Also, some of the stories were good but didn't blow me away.  Which is expected, it's 26 short films, you're not going to dig them all but there didn't seem to be as many ironic twists of fate or memorable pieces that made you go, "Holy fuck, what was that!" and is then burned into your memory to scare you for life.  Like Timo Tjahjanto, L is for Libido, love it or hate it, you'll never forget it.  The ideas are there, and there is a lot of gore or there are some incredibly tense scenes but the some of the stories never seemed to climax properly or unfortunately at all.  Which of course, can be disappointing.

  Luckily, those pieces are in the minority and most of the films here create a very enjoyable collection of horror shorts.  The producers of this film have amassed some incredibly talented people for this film and it won't too long before you'll be watching their features and reading more about them.  This is like a glimpse into the future of horror and it doesn't look that bad.  Still scary but not bad.

Sunday, 19 October 2014

31 Days of Horror: Sharknado 2: The Second One (2014)

Sharknado 2: The Second One (2014)
Director: Anthony C. Ferrante
Starring: Ian Ziering, Tara Reid and Vivica A. Fox
Running Time: 90 min

  The Asylum has been around for years, creating low budget "mockbusters" and B, maybe C rated creature features for the Syfy network and I think they were just as shocked at the success and social media frenzy of the original "Sharknado" as everyone else.  So how does one capitalize on the success?  Well, a sequel of course but will it have the same bite that the first one did?

  Fin Shepard and April Wexler are on a flight to New York to promote April's book, "How To Survive a Sharknado" and while they're there, to visit Fin's sister, Ellen and her family.  While on the plane, the plane flies into... you guessed it, another Sharknado! Luckily, Fin is able to take control of the plane, when the pilots are eaten by flying sharks and land the plane safely! But sadly April only loses a hand during this shark melee and she is taken to the hospital.  Fin tries to convince the New York officials that a Sharknado is coming and the must evacuate the city!  But of course, nobody listens to him, so he leaves April in the capable hands of the hospital and takes off to save his sister and her family.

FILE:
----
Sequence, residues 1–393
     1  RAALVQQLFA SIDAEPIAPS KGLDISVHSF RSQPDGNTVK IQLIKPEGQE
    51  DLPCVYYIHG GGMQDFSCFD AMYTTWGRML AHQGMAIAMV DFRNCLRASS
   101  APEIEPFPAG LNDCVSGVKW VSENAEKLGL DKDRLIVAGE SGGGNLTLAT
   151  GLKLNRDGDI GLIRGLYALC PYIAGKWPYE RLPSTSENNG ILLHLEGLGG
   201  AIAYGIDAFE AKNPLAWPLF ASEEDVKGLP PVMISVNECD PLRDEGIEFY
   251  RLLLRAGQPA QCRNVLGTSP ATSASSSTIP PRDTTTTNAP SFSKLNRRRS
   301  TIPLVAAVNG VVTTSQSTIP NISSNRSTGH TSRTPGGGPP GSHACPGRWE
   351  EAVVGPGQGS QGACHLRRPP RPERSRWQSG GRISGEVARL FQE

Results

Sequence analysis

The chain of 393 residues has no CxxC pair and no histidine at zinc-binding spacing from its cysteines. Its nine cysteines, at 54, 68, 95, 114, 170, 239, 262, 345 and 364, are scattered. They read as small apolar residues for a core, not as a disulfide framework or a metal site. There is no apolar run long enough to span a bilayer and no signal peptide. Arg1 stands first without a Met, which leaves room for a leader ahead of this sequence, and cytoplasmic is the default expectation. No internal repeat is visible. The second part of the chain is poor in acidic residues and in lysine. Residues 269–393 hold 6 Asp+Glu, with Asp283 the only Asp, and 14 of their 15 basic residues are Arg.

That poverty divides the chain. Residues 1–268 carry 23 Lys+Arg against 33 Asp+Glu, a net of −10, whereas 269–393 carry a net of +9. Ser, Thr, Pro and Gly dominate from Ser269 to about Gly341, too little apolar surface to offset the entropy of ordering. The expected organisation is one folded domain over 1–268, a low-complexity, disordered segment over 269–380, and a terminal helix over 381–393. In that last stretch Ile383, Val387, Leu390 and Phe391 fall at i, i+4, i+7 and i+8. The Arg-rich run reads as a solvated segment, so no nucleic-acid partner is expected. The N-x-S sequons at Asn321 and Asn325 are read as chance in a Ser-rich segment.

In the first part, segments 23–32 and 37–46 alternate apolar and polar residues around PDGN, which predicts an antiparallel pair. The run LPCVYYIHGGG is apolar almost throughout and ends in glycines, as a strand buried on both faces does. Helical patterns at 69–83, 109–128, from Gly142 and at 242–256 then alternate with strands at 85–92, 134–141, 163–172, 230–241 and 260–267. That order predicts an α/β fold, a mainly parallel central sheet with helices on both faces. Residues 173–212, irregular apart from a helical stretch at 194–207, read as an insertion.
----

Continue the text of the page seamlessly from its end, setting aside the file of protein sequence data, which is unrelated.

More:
Unfortunately they have split up, Ellen, her daughter, Mora and some friends have gone to see the Statue of Liberty and Fin's brother in law, Martin and his nephew, Vaughan are at a Mets game.  Fin rushes to the Mets game but just as he arrives at the game and convinces them to leave, the stadium is bombarded by snow and sharks! They just manage to escape but the news is reporting that there are not only two Sharknados but an electrical storm coming as well!  Can Fin, April and his sister's family survive this downpour of shark terror and reunite safely or are they doomed to be beaten by this shark infested storm front!

  This is a surprisingly good sequel, director Anthony C. Ferrante (Boo, Headless Horsemen) and writer Thunder Levin (American Warships, 200 M.P.H) have created a great follow up to a now classic B-Movie.  Right from the beginning, they are hitting you with culture references, cameos, nostalgic nods and best of all action. You are bombarded with visuals throughout the film and there is never a dull moment.